A. Standards of review

         1. Rule 59(e)

         Reconsideration is “appropriate under Rule 59(e) if (1) the district court is presented with newly discovered evidence, (2) the district court committed clear error or made an initial decision that was manifestly unjust, or (3) there is an intervening change in controlling law.”[18]“A Rule 59(e) motion may not be used to raise arguments or present evidence for the first time when they could reasonably have been raised earlier in the litigation.”[19] And the clear-error “standard is significantly deferential, requiring a definite and firm conviction that a mistake has been committed.”[20]

         2. Rule 60(b)

         Rule 60(b)(6) is a catch-all provision that allows the court to grant relief from a final order for any justifiable reason.[21] A party seeking relief under Rule 60(b)(6) must, however, demonstrate the existence of “extraordinary circumstances.”[22] Courts may consider a wide range of factors when determining whether the circumstances are extraordinary, including “the risk of injustice to the parties” and “the risk of undermining the public's confidence in the judicial process.”[23]

         B. Respondents have not established that reconsideration is warranted.

         Respondents argue that the Nevada Supreme Court squarely addressed and rejected Anderson's double-jeopardy claim on direct appeal using the elements test established in Blockburger v. United States, [24] and that I erred by overlooking Blockburger and its progeny and relying instead on an outdated same-conduct test.[25] When it rejected Anderson's double-jeopardy argument on direct appeal, the Nevada Supreme Court focused exclusively on the statutory elements of each offense.[26] Because Anderson's guilty plea had relieved the State of proving a particular predicate offense to support the felony DUI charge, the Nevada Supreme Court's decision was based on a reasonable application of the Blockburger test.[27]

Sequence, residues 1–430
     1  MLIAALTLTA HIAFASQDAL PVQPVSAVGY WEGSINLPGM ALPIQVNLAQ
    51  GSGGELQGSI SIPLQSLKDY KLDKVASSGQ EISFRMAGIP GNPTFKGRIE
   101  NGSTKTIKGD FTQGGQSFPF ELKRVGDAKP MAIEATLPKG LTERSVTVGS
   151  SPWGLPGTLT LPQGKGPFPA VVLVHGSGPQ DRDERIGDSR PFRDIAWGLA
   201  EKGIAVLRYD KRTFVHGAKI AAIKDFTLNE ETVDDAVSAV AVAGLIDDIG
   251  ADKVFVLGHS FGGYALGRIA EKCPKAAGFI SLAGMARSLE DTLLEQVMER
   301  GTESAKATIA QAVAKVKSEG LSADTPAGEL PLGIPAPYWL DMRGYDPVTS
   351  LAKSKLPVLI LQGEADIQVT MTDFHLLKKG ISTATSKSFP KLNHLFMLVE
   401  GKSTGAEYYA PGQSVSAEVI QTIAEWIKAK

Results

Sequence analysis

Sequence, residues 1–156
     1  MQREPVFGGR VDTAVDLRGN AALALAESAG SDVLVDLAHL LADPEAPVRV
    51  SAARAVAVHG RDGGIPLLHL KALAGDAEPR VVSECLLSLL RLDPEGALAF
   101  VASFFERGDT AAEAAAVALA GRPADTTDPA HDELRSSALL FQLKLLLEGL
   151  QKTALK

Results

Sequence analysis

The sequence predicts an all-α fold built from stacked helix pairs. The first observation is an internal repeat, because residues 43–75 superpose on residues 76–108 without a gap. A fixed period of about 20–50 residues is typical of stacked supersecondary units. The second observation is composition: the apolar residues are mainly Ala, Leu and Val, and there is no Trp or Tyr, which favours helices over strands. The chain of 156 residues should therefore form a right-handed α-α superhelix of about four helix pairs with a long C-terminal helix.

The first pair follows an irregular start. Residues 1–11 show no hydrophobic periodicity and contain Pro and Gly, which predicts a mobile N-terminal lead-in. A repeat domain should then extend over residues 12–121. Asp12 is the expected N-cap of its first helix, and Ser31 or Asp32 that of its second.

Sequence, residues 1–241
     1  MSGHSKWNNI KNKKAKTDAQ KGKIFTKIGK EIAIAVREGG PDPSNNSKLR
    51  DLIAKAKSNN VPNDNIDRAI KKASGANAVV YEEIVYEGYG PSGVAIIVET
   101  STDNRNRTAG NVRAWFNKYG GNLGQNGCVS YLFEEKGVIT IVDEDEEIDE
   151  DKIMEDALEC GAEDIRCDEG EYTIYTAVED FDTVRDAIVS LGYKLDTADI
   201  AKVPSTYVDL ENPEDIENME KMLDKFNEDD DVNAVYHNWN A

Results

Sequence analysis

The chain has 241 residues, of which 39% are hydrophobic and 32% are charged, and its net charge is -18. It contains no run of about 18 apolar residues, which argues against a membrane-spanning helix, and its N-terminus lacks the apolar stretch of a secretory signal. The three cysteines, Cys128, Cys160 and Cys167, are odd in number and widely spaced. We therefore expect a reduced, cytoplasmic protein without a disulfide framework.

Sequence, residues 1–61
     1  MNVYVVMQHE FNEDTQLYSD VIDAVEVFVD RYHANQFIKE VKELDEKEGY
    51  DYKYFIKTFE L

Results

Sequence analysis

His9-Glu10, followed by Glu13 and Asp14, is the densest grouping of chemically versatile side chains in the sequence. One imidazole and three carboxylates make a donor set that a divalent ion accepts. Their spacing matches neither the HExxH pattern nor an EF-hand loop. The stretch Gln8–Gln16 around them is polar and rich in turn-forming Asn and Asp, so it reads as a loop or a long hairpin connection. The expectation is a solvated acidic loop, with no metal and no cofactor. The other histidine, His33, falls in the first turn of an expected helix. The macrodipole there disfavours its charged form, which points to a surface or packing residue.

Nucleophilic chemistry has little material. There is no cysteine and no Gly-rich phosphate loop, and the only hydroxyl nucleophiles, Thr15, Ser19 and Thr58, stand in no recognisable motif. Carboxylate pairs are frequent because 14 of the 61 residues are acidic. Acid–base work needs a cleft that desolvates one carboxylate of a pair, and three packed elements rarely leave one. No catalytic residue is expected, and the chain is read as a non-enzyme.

Anderson's ineffective-assistance-of-counsel (IAC) claim, however, required me to consider the double-jeopardy issue through a different lens-whether the result of his state court criminal proceeding would have been different had Anderson proceeded to trial. And, because I determined that the Nevada Supreme Court unreasonably applied federal law when it denied the IAC claim, I reviewed the claim de novo.

         Respondents are mistaken that I relied on the same-conduct standard in deciding to grant Anderson relief. In its order denying Anderson's dismissal motion, the state district court recognized that Nevada's DUI-causing-death-or-serious-bodily-injury statute included as an element the violation of any legal duty or obligation, not just the duty to stop.[28] Analogizing that to the circumstances in Illinois v. Vitale, the court rejected Anderson's pre-trial double-jeopardy claim because “it is possible for a defendant to meet the legal duty element of the [felony DUI] by violating any number of the rules of the road, not just the failure to stop ordinance.”[29] But the court also determined that a double-jeopardy violation would result if the State was unable to prove any violation of a legal duty at trial other than the failure to stop.[30]Relying on dicta in Vitale and other U.S. Supreme Court precedent, [31] the court reasoned that, because the State had already punished Anderson for failure to stop, it could “not punish him again for failing to stop as a lesser included offense of the DUI.”[32]

         In reaching this conclusion, the state district court was aware that the same-conduct test had been abrogated by the Supreme Court in United States v. Dixon and pointed out that its decision was controlled by the Blockburger test.[33] The court took care to clarify that it was focusing on the elements underlying the two charges, not the conduct: